Plug-in electric vehicles (PEVs) have arrived, and electric utilities soon will be able to reap the benefits. The Chevy Volt and the Nissan LEAF — first introduced in limited markets in 2010 — are now available nationwide. And most other major auto manufacturers, including Toyota, Ford and Mitsubishi, along with numerous start-ups, will be offering a PEV model of their own this year.

This new era in electric transportation is great news for consumers. The majority of PEV drivers will be able to make their daily trips on battery power alone, without having to stop at the gas station. And when PEV drivers do need to fill their tank, they will be able to recharge their car's battery at home, using a stable, domestic fuel source that currently costs about one-fourth the cost of gasoline.

In addition, PEVs will have a positive impact on the electric power industry. Beside the opportunity for new revenue, the PEVs create new channels for building customer satisfaction and relationships. And in the future, this new electric technology has the potential to connect with other emerging technologies such as smart meters, distributed generation and energy storage to give customers a broad range of energy options.

Creating a Market for PEVs

Given the many positive attributes of PEVs, Edison Electric Institute (EEI) and its member companies are working to build and strengthen the market for them. A primary goal is sustaining policymaker commitment at both the federal and state level to help PEVs become a practical transportation alternative for everyone. Congress, in particular, has a significant role to play in securing a place for electric vehicles in the country's transportation fleet.

The American Recovery and Reinvestment Act of 2009 provided a tax credit of up to US$7,500 for purchasing a PEV. The tax credit helps to offset the incremental cost of these advanced vehicles so they can reach scale production. And in helping to stimulate sales of PEVs, the tax credits benefit America as well, by reducing foreign oil imports and tailpipe emissions, along with creating jobs in auto and battery manufacturing and PEV charging station infrastructure. EEI will continue to advocate for its extension, along with preserving and protecting the existing U.S. Department of Energy budget supporting electric transportation technologies.

Making a Difference

At the state and local level, EEI and its member companies are involved in supporting PEVs through many activities:

  • Working with public officials, public/private entities, automakers and other industry stakeholders to help develop local charging infrastructure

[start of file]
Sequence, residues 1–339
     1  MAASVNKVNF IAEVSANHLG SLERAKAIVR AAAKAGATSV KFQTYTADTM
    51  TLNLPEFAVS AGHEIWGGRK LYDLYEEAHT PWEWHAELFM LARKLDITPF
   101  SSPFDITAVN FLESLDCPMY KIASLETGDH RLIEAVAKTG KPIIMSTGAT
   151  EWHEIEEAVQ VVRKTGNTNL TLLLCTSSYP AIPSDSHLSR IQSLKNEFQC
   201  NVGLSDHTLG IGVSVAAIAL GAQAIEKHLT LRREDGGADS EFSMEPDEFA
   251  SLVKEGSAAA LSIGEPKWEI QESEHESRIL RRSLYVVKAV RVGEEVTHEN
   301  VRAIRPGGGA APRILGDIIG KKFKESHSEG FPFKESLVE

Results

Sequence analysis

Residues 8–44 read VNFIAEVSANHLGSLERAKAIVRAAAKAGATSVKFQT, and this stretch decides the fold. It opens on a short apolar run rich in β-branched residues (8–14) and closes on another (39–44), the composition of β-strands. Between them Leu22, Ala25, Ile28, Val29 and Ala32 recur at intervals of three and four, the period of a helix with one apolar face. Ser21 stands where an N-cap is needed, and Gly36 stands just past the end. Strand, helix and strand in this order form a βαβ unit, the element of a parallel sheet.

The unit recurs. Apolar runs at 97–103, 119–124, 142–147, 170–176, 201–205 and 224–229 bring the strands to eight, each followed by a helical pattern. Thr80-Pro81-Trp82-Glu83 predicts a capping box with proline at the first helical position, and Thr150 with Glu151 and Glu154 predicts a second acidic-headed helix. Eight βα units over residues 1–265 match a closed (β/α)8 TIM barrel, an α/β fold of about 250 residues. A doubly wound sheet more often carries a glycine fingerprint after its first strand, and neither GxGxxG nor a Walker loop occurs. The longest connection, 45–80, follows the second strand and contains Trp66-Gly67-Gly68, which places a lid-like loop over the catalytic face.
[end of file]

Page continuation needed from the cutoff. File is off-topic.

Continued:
• Developing technical standards with stakeholders for various aspects of charging infrastructure to ensure technical compatibility of electric drive vehicles, charging stations and utility equipment

  • Committing to transition more fleet vehicles to electric drive as they become available and continue to meet operational needs

  • Providing new rate options to customers that will encourage off-peak charging of PEVs

  • Updating call center training to incorporate PEV knowledge and issues

  • Developing utility websites to provide customers with the latest information and education about PEVs.

Garnering Support from the Utility Industry

Just as this is an important year for PEV market growth, 2012 is also a year when many electric utilities are developing or expanding their commitment to supporting PEVs. For those electric utilities that are just beginning to promote PEVs, EEI has produced a free booklet to help, “Utility Guide to PEV Readiness.” The EEI guide covers the topics that every utility will need to address to make sure PEVs get off to a fast start in their service area: how to get up to speed, how to prepare customers, how to identify which stakeholders to involve and how to prepare for the charging experience.

In the guide, utilities will learn about relevant issues, benefit from the advice and expertise of industry leaders, such as the Electric Power Research Institute and the Electric Drive Transportation Association, and discover the lessons learned by the EEI member companies whose service areas were among the first to get the new PEVs.

The PEVs on the road today are symbolic of the role electricity plays in powering progress. From iPads to the Internet, electricity continues to make possible the technologies that enable our world and our lives to be more productive and more satisfying. In getting the marketplace ready for the new cars, the electric utility industry is now setting the stage for electricity to power even greater progress in the 21st century.


Rick Tempkin (rtempkin@eei.org) is the executive director of retail services for the Edison Electric Institute. For more information on the electric power industry's support for PEVs, visit www.eei.org.

To download the free Utility Guide to PEV Readiness, please visit www.eei.org/ourissues/EnergyEfficiency/Documents/EVReadinessGuide_web_final.pdf.